Collingwood forward Josh Thomas would be more than willing to enter a quarantine hub in order to play AFL in 2020, although he expects that having no children makes the decision easier for him than it might be for his peers.
However, the 28-year-old is adamant that players need to be prepared to take the extra step wherever possible to get the season up and running to provide entertainment for supporters and bring revenue into the game to support clubs.
Collingwood forward Josh Thomas would have no problems playing in a quarantine hub, but knows circumstances may be challenging for other players.Credit:Getty Images
"It's one of those things where as a player we said we would do whatever it takes. It's not going to be ideal in many ways but it's a pretty serious situation that everyone is in so I think when you say that you will do whatever it takes you have got to go and actually action that as well," Thomas said.
The 28-year-old, who is contracted until the end of 2021 and is studying during the shutdown, recognises he is more able than others to pick everything up and go into a hub.
"Everyone is going to have different situations so for me it is pretty easy: I don't have kids. I already live interstate. I just live with my fiancee," Thomas said.
"It would be challenging, but it would not be the end of the world. If it meant getting footy on track I would be more than willing."
Although Victoria’s chief medical officer Professor Brett Sutton indicated it’s unlikely crowds will be able to attend games in 2020, the AFL remains confident they can develop a return-to-play program that would see games played while protecting player safety without placing an extra burden on the public health system.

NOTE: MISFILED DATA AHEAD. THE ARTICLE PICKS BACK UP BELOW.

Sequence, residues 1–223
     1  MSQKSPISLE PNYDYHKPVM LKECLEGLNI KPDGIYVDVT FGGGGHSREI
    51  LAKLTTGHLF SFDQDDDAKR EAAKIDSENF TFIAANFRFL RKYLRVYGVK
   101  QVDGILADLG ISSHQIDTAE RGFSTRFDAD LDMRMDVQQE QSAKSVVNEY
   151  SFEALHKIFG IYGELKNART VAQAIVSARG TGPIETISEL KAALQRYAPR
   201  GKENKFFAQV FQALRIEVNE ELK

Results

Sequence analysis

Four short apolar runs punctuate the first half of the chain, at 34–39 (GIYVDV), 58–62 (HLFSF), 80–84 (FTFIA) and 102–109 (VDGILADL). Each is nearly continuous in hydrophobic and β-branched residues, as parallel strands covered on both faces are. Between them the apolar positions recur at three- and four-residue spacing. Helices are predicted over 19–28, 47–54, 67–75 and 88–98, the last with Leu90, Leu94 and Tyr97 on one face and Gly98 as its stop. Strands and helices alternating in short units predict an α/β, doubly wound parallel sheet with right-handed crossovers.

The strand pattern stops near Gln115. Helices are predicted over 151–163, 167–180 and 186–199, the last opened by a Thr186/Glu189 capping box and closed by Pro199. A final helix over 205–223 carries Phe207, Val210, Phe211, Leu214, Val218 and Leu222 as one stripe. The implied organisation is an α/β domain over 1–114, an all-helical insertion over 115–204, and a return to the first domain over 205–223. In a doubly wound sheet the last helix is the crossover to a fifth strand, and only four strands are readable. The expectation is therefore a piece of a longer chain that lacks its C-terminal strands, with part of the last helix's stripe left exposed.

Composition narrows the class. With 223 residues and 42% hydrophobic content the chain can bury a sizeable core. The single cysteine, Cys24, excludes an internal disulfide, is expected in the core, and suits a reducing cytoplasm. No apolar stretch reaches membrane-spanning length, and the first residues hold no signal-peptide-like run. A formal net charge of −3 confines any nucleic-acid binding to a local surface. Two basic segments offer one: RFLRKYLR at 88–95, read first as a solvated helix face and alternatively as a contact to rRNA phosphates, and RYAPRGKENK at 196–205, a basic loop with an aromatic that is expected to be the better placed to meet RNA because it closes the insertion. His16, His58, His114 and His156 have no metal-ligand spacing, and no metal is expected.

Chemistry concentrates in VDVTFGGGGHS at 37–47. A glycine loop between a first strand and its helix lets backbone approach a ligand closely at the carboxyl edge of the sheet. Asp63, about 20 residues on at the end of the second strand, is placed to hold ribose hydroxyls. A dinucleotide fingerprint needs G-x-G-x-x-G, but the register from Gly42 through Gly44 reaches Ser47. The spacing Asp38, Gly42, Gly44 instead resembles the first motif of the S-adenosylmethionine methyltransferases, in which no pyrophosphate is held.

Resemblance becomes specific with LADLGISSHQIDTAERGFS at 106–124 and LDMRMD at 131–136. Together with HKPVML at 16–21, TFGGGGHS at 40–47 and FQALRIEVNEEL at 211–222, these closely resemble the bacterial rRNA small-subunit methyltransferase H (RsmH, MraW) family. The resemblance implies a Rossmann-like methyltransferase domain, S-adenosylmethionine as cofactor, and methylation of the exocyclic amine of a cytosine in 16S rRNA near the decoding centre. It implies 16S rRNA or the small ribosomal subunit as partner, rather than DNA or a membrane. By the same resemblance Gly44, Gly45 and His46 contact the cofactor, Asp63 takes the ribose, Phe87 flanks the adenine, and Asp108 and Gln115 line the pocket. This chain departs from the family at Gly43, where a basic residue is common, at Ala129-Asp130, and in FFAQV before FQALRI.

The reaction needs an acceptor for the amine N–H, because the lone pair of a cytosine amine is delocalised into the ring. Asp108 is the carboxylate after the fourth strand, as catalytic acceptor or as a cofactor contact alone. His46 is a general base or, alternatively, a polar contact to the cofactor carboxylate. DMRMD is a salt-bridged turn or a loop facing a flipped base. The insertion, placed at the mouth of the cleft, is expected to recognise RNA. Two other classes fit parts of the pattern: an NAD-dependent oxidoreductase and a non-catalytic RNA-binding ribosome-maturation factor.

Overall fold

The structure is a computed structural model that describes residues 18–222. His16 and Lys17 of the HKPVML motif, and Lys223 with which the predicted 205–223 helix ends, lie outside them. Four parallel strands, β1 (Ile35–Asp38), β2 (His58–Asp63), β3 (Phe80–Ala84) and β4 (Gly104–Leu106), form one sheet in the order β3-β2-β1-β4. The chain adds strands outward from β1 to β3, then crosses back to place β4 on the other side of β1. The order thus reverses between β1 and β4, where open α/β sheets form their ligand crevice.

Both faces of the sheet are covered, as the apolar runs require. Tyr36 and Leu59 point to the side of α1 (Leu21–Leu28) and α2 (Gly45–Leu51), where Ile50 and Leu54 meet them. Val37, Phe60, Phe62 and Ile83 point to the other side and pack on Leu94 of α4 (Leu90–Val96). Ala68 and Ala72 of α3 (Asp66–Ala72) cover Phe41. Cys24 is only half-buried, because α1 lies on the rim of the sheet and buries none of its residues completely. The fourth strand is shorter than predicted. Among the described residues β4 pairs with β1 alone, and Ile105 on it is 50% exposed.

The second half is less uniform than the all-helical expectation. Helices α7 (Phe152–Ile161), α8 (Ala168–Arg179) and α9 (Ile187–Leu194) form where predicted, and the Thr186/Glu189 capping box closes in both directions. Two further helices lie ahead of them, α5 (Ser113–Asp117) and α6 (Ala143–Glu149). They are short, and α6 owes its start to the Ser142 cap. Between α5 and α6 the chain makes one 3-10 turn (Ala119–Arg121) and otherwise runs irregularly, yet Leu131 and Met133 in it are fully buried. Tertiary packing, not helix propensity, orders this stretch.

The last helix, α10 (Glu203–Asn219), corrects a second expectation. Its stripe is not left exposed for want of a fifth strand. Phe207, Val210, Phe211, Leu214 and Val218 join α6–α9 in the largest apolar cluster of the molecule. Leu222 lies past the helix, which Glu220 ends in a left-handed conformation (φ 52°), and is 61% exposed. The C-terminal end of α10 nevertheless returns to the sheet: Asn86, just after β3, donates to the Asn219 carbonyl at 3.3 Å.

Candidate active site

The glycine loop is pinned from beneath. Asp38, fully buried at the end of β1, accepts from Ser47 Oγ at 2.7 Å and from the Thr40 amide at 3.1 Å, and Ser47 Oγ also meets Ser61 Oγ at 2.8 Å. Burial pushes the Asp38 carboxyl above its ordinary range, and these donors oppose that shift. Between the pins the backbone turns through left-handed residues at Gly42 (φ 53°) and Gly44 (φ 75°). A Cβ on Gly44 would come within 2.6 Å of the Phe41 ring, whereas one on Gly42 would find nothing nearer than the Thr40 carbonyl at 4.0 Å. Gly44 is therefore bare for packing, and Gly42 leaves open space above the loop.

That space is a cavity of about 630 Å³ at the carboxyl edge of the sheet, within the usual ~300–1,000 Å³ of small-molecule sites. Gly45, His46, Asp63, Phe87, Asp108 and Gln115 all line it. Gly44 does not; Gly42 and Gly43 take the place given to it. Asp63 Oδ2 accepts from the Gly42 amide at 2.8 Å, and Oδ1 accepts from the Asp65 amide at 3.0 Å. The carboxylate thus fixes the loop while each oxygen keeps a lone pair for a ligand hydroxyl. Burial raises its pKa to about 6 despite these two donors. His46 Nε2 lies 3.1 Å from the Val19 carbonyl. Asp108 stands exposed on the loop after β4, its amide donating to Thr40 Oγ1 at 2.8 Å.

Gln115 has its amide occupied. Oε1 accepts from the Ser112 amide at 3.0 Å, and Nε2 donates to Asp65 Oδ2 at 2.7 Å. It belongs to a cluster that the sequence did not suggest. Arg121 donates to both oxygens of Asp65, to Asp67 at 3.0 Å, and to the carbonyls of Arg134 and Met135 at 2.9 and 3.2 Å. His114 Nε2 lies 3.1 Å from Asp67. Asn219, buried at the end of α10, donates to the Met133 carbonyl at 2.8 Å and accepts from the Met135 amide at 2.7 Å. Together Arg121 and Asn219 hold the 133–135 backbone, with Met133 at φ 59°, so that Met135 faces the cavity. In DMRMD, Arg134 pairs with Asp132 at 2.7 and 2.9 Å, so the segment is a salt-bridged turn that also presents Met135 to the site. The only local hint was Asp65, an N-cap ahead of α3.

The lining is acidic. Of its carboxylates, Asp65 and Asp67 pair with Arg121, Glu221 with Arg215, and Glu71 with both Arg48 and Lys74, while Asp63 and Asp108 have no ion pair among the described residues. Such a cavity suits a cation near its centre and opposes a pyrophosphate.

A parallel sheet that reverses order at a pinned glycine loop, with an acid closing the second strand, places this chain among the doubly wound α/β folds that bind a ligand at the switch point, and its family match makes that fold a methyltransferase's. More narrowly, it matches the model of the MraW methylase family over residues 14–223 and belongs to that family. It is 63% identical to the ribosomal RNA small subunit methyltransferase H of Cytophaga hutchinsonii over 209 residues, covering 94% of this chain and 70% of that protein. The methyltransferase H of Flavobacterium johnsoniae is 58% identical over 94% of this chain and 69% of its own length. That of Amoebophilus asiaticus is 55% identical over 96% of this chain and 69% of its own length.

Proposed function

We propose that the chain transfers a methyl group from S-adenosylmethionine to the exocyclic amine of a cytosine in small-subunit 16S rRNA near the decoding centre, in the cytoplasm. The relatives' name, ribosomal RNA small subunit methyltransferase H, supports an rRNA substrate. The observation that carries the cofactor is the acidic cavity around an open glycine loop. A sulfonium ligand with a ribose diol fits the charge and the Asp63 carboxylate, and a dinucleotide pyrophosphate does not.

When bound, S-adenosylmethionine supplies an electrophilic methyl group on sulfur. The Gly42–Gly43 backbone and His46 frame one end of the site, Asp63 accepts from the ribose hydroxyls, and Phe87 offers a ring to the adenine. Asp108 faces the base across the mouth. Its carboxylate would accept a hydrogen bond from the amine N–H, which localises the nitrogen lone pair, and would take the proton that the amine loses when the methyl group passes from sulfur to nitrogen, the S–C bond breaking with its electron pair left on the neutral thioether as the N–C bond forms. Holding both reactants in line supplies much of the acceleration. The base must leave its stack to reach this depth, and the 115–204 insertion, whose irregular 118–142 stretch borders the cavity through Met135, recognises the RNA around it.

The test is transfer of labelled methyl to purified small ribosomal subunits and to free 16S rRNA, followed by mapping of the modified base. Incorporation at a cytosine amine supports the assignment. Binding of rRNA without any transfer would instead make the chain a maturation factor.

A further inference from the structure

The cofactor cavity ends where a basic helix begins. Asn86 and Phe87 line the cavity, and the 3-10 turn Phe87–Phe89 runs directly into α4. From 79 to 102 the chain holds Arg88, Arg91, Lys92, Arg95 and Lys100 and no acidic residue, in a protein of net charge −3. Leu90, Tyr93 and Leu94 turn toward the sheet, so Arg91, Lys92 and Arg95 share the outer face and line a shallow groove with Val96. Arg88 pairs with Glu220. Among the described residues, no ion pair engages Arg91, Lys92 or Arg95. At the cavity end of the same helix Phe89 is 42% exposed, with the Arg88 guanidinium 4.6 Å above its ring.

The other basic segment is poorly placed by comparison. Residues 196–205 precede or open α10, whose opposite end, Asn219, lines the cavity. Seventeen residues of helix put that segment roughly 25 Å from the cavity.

The AFL is looking at how each state's coronavirus-related restrictions would affect their ability to stage games and move teams across borders and also following government advice on what access they may have to equipment that would allow them to test for COVID-19.
Playing games at Victorian venues Marvel Stadium and the MCG are among the options being considered, along with south-east Queensland and Perth, with clubs of the view the AFL are trying to devise ways games would be played that caused minimal disruption to players and staff.
A football managers meeting scheduled for this week was cancelled meaning the clubs were still awaiting detail about the hubs.
However club sources suggested there was a chance increased protocols could see players competing in their home states, then able to stay at home and practise social distancing measures rather than go into a motel, while clubs visiting from interstate would stay in accommodation with strict quarantine measures in place.
Breaks between games may be reduced while there is also a chance for double-headers and games played every night of the week as the AFL attempts to play the remaining 144 games plus finals.
The MCG is awaiting a decision from the AFL as to how often the venue will be used for games without crowds with the venue ready to swing into operation if needed, while the AFL owns Marvel Stadium.
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